After a year of courageous struggle, Indian farmers have humbled India’s “strongman” Narendra Modi. Modi had to broadcast to the nation that he intended to repeal the neoliberal agricultural laws.
Hundreds of thousands have been striking and blockading to force the government, and the big agrarian capitalists it serves, to retreat, persisting in their actions despite heavy weather and the ravages of Covid-19. Even under these circumstances, the government’s police continued to brutally torture and arrest them. More than 700 peasants were martyred.
Despite all the repression and violence, the Modi government not only failed to halt the small farmers’ actions but also failed in its policy of divide and rule. Despite all such attempts, the government failed to split the farmers’ leadership via a series of negotiations which ultimately proved fruitless. Likewise, Modi’s lying propaganda, presenting the law as a step forward for economic development and a fairer society, failed.
Instead, the farmers’ movement, supported by farm labourers, demonstrated that a united struggle can win. It was supported by labour unions, students’ and women’s organisations from all over the country. Many protests held in solidarity with the farmers’ sit-in were joined by workers, students and women. In these circumstances, the farmers’ movement became a beacon of hope not only for peasants from all over India but also for the Muslims, targeted by Hindu chauvinist state governments as well as Delhi.
Earlier this year, on Indian Republic Day, January 22, millions of farmers marched through Delhi and occupied the iconic Red Fort. After this, the farmers’ movement spread to Uttar Pradesh and other parts of the country. Attempts to crush it failed. As a result, large numbers of farmers in other states took to the streets and students and workers also joined in, expressing their solidarity with this struggle.
In his address to the nation on Friday, November 19, Modi announced: “Today, I have come to tell you, the whole country, that we have decided to withdraw all three agricultural laws. In the Parliament session starting later this month, we will complete the constitutional process to repeal these three agricultural laws.”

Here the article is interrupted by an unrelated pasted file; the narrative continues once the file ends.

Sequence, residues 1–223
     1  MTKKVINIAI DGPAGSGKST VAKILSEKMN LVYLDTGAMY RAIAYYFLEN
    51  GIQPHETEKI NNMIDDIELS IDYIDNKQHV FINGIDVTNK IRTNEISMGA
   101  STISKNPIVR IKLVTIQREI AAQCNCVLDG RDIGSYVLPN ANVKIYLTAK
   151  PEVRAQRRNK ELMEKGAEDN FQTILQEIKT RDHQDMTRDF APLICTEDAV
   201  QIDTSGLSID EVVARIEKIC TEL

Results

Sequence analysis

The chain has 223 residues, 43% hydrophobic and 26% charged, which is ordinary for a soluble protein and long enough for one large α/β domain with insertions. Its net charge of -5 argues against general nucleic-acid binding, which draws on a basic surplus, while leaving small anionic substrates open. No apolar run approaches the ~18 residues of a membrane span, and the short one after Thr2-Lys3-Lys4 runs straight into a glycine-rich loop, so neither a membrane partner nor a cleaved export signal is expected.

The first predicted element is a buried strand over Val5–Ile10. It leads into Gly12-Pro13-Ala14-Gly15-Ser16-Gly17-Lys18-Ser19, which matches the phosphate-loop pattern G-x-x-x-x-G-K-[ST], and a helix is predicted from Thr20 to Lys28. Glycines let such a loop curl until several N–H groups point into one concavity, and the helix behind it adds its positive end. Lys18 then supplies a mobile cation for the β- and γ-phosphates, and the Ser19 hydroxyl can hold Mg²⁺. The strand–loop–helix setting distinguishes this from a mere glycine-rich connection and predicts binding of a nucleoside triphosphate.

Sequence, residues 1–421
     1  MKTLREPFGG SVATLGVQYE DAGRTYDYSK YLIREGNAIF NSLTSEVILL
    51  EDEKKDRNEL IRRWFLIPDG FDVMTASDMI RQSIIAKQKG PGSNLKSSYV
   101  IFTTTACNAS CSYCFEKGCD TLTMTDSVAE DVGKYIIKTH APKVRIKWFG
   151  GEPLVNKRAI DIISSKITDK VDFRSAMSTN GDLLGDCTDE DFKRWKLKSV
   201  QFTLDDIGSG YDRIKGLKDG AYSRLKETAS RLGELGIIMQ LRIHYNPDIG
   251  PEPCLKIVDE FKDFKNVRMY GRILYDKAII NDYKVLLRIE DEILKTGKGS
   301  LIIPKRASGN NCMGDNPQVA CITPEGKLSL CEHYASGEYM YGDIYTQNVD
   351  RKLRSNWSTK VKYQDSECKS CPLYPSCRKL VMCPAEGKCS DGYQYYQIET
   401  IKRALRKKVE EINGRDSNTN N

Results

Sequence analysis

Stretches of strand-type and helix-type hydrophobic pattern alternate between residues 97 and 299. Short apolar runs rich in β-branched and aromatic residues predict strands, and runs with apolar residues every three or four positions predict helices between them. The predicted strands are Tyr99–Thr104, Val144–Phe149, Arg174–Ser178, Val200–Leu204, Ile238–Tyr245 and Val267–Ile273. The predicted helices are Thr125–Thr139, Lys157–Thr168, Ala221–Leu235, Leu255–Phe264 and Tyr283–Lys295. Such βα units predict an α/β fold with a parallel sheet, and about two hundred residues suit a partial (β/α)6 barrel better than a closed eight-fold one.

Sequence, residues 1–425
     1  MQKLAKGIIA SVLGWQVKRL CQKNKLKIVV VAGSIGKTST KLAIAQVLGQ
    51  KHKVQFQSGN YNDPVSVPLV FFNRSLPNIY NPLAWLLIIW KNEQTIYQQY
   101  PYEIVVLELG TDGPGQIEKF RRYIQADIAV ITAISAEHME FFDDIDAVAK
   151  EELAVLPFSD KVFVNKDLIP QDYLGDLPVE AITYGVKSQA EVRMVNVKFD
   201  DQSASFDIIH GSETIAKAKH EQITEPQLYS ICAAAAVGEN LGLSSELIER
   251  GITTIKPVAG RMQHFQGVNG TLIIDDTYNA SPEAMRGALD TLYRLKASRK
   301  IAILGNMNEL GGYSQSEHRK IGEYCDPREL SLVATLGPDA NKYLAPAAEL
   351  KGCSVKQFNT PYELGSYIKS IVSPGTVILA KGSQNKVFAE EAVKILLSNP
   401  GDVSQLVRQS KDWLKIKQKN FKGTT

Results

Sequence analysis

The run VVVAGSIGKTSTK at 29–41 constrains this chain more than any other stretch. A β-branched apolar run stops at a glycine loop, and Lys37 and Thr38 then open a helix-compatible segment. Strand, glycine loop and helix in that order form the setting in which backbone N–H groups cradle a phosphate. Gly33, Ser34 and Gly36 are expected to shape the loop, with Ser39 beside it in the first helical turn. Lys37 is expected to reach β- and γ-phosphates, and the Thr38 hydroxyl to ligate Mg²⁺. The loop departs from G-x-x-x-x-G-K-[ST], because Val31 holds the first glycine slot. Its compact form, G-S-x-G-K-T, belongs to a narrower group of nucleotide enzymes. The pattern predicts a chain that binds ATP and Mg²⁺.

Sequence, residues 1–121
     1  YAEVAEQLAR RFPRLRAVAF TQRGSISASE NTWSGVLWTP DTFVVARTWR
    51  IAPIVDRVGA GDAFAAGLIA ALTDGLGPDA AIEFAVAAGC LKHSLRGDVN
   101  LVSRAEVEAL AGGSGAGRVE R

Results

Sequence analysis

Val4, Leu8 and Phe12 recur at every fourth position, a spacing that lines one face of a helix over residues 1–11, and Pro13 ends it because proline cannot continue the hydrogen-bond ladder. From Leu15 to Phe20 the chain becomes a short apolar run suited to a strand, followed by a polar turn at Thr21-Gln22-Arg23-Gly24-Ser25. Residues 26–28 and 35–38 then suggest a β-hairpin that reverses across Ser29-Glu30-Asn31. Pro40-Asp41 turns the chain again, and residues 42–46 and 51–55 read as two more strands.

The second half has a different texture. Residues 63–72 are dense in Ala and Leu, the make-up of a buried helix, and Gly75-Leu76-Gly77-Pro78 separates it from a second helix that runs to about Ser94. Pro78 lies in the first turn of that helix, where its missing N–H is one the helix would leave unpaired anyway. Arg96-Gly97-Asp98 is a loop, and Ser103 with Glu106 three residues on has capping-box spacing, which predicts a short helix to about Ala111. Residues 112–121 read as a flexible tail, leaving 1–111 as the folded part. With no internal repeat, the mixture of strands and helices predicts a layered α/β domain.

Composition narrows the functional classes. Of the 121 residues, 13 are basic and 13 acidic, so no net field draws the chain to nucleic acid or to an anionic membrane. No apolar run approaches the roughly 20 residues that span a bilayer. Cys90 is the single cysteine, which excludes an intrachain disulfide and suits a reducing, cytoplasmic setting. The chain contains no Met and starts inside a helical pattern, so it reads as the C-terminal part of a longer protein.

The controversial laws included abolishing the minimum support price for farm produce. According to the law, sales and pricing were to be determined by the market, enabling larger private capitalist farmers and the corporate sector to set prices. Small and medium sized farmers realised that this would lead to a veritable economic massacre, with hoarding and other tactics by pro-Modi businesses.
Similarly, farmers were demanding the withdrawal of the law that ended free electricity supplies to small farmers. Finally, they demanded legally guaranteed fair prices for all agricultural products. As long as these demands were not met, they would continue their sit-in. This shows how the struggle has raised the political understanding of the farmers’ movement.
Although the anti-farmer bills were supposedly introduced in the name of abolishing feudal relations in the countryside, in reality, they strengthened the role of middlemen by allowing trade between the states and relaxing the grip on stockpiling. Billionaires like Mukesh Ambani and Gautam Adani, Asia’s richest men according to Bloomberg’s Index, eagerly supported Modi’s ‘reforms’ because they meant greatly increased profits from agriculture. As a result of these “reforms”, food prices have soared and the cost of living for workers has increased. The plight of the urban and rural poor, who already spent most of their income on food, was made worse.